Once the challenges are defined, it is time to write a tender. This should include the programme description, formal challenges, selection and evaluation criteria of startups and the process with all dates and communication. Make sure the tender is approved by the team and legal staff before submitting it. To make this step easier, Startup in Residence Amsterdam includes an example tender in the toolkit so you can hit the ground running.
Once the tender is submitted, it’s time to get loud and create awareness about the programme. Start your marketing machine and spread the word. This is also the time to recruit and onboard experienced entrepreneurs and innovators who will take the role of mentor and organise the training. Topics of training can include anything about sales, customer discovery and working with the governments. Don’t forget to set up training for clients as well to prepare them for working with startups.
3. Run: recruit, select and let them shine
Once you’re set-up, time to get to the exciting part. It’s time to recruit startups. Market your challenges so that you get as many top-quality applications as possible. Make sure to inform them about all details of the programme, so the tender is transparent and fair.
Out of all registrations, you can make a pre-selection to see which startups meet your requirements and which ideas seem viable. Then it’s onwards to the actual selection days, where startups get to pitch their ideas. The SiR toolkit provides a handy evaluation form to score ideas and startups. Besides being a thorough selection process, it’s also a great chance to build commitment and enthusiasm among all involved.
Finally, the programme can start. After matching mentors with startups, providing deep-dives and starting the training, the pilots can be launched. Startups create a plan of action with milestones and KPIs in agreement with their client. Once approved, startups can start to test their solution. This is their time to shine.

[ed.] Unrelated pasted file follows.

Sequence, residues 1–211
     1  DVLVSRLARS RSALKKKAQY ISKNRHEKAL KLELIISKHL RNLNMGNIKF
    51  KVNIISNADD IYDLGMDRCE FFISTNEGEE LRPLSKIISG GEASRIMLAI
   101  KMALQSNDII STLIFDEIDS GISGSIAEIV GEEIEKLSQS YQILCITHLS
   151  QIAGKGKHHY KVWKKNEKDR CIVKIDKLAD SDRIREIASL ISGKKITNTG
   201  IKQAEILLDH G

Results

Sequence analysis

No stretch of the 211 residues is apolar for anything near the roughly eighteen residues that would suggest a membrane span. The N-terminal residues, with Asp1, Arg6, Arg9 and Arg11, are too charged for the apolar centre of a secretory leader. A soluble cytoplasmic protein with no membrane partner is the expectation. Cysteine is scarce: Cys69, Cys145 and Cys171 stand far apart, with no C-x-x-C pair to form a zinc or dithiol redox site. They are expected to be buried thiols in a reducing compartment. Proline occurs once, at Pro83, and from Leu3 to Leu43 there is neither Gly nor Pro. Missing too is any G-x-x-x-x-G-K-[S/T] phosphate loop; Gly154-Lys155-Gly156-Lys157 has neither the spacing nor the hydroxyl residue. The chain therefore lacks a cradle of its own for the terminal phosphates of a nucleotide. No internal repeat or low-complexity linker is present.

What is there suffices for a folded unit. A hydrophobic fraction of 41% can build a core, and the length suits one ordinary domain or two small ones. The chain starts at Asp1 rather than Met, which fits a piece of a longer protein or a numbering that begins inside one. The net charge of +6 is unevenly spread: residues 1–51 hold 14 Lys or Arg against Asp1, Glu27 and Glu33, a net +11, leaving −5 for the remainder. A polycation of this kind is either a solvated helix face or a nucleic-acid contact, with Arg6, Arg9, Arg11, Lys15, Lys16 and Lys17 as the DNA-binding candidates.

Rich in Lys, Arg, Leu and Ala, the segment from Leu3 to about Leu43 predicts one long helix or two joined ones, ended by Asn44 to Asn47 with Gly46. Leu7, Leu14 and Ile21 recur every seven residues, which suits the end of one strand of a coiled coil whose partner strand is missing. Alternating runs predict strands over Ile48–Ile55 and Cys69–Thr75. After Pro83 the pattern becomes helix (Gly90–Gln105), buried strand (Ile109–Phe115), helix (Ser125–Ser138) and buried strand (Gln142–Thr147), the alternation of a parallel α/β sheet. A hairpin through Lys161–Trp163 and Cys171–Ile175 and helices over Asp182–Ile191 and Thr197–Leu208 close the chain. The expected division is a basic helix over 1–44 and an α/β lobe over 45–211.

4. Continue: demo-day and onwards
The end of the programme is not the end of the road. After a successful pilot, it’s time to define the next steps in the collaboration between the government and the startup. The highlight of the process is demo-day, where startups share their accomplishments and the progress they made. A thorough evaluation allows sharing the accomplishments of the programme to be shared with the world as well.
Free toolkit for your own Startup in Residence
And after that? Well, rinse, repeat and get ready for an entirely new programme with new challenges and fresh innovation in the upcoming year. Setting up a Startup in Residence programme in a new city can easily take more than a year. But seeing several startups landing their first contract after a successful pilot will make it all worth it.
To read a detailed description of all the steps needed to start a programme, check out the SiR toolkit which will guide you to the whole process and provide plenty of background information. Download the toolkit here, for free, and start organising.